Biotage to take over MIP Technologies

Biotage to acquire shares for 16m Swedish Kronor

Biotage, a provider of tools and technology for medicinal and analytical chemistry, and the owners of MIP Technologies have signed a definitive agreement under which Biotage is expected to acquire all outstanding shares in MIP Technologies, a developer of molecularly imprinted polymers (MIPs) and other novel polymers.

As per the terms of the acquisition, an upfront payment corresponding to an enterprise value for MIP Technologies of 16m Swedish Kroner will be made. In addition further payments based on sales performance will be made until the end of 2015.

MIP Technologies has 17 employees and had a turnover of 13MSEK in 2009. MIP Technologies will be consolidated in the Biotage group as of April 30, 2010.

Torben Jorgensen, president and CEO of Biotage, said: "This is an excellent strategic fit regarding Biotage's expansion and diversification into markets outside of pharma and it will certainly fuel our efforts within Sample Prep. One of our ambitions going forward is to further develop our Sample Prep business and to drive our consumables sales to get a more even balance between the sale of instruments and consumables.
"The addition of MIP Technologies continues the advancement of our vision of complete solutions for the scientific community. We are very excited about the technology that will benefit our customers and fit perfectly with our product offering."

Anthony Rees, CEO of MIP Technologies, said: "Our MIP and non MIP polymer technologies complement Biotage's product offering and I'm especially thrilled that the direct and indirect sales, distribution and service from Biotage. The combined capabilities within existing R&D organisations and production units will allow us to further profit on the current businesses but also to venture into new areas."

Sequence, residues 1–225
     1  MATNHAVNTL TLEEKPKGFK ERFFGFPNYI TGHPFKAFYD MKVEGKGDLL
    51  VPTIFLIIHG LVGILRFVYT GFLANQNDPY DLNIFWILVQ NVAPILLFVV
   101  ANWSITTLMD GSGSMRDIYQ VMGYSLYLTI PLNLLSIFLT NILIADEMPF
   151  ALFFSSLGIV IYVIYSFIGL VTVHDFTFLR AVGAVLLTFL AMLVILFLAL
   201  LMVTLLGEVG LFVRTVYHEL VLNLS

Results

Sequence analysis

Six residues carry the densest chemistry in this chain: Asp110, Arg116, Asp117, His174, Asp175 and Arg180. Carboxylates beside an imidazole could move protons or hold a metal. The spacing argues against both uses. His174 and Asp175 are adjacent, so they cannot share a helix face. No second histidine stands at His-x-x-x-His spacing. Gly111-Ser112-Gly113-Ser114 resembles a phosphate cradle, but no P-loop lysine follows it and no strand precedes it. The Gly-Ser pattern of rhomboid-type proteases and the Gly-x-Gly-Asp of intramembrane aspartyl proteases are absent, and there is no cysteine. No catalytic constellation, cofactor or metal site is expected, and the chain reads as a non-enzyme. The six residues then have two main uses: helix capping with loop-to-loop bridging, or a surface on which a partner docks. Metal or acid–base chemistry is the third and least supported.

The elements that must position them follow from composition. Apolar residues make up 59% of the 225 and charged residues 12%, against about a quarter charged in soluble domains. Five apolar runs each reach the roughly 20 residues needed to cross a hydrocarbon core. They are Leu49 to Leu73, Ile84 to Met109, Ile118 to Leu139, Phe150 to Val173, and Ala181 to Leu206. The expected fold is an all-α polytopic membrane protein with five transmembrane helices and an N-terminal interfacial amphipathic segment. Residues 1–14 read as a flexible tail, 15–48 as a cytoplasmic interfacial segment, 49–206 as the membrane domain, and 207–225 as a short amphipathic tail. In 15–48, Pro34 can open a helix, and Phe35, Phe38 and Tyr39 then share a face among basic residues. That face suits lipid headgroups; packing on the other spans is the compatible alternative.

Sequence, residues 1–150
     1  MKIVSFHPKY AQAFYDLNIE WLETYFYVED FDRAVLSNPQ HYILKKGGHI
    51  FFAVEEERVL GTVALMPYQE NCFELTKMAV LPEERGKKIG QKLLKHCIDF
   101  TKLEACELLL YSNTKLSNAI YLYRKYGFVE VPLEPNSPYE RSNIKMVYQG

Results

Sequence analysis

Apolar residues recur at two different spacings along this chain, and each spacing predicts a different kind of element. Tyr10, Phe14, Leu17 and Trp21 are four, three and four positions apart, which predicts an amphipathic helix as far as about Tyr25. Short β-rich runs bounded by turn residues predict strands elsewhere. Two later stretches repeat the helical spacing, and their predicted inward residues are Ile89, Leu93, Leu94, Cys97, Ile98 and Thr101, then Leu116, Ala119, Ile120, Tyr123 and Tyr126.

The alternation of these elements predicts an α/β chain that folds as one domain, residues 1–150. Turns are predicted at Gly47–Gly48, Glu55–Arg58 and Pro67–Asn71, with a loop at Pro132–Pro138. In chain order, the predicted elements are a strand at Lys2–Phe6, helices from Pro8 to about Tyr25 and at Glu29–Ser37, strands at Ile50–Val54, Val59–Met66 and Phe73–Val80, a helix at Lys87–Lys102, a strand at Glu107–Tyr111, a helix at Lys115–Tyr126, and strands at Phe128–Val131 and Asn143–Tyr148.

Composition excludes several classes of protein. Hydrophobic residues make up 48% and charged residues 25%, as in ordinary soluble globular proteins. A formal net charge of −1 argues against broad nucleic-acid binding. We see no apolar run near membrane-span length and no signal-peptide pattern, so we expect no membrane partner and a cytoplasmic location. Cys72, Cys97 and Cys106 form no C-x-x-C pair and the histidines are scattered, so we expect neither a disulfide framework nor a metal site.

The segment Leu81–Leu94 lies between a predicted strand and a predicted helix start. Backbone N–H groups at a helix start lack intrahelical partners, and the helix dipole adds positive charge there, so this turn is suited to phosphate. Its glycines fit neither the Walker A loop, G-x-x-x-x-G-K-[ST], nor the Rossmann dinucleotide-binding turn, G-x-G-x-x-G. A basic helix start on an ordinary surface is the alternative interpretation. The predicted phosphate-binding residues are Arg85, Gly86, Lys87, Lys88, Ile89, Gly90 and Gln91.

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Is anyone prepared to solve the NHS funding crisis?

As long as the political taboo on raising taxes endures, the service will be in financial peril. 

It has long been clear that the NHS is in financial ill-health. But today's figures, conveniently delayed until after the Conservative conference, are still stunningly bad. The service ran a deficit of £930m between April and June (greater than the £820m recorded for the whole of the 2014/15 financial year) and is on course for a shortfall of at least £2bn this year - its worst position for a generation. 

Though often described as having been shielded from austerity, owing to its ring-fenced budget, the NHS is enduring the toughest spending settlement in its history. Since 1950, health spending has grown at an average annual rate of 4 per cent, but over the last parliament it rose by just 0.5 per cent. An ageing population, rising treatment costs and the social care crisis all mean that the NHS has to run merely to stand still. The Tories have pledged to provide £10bn more for the service but this still leaves £20bn of efficiency savings required. 

Speculation is now turning to whether George Osborne will provide an emergency injection of funds in the Autumn Statement on 25 November. But the long-term question is whether anyone is prepared to offer a sustainable solution to the crisis. Health experts argue that only a rise in general taxation (income tax, VAT, national insurance), patient charges or a hypothecated "health tax" will secure the future of a universal, high-quality service. But the political taboo against increasing taxes on all but the richest means no politician has ventured into this territory. Shadow health secretary Heidi Alexander has today called for the government to "find money urgently to get through the coming winter months". But the bigger question is whether, under Jeremy Corbyn, Labour is prepared to go beyond sticking-plaster solutions. 

George Eaton is political editor of the New Statesman.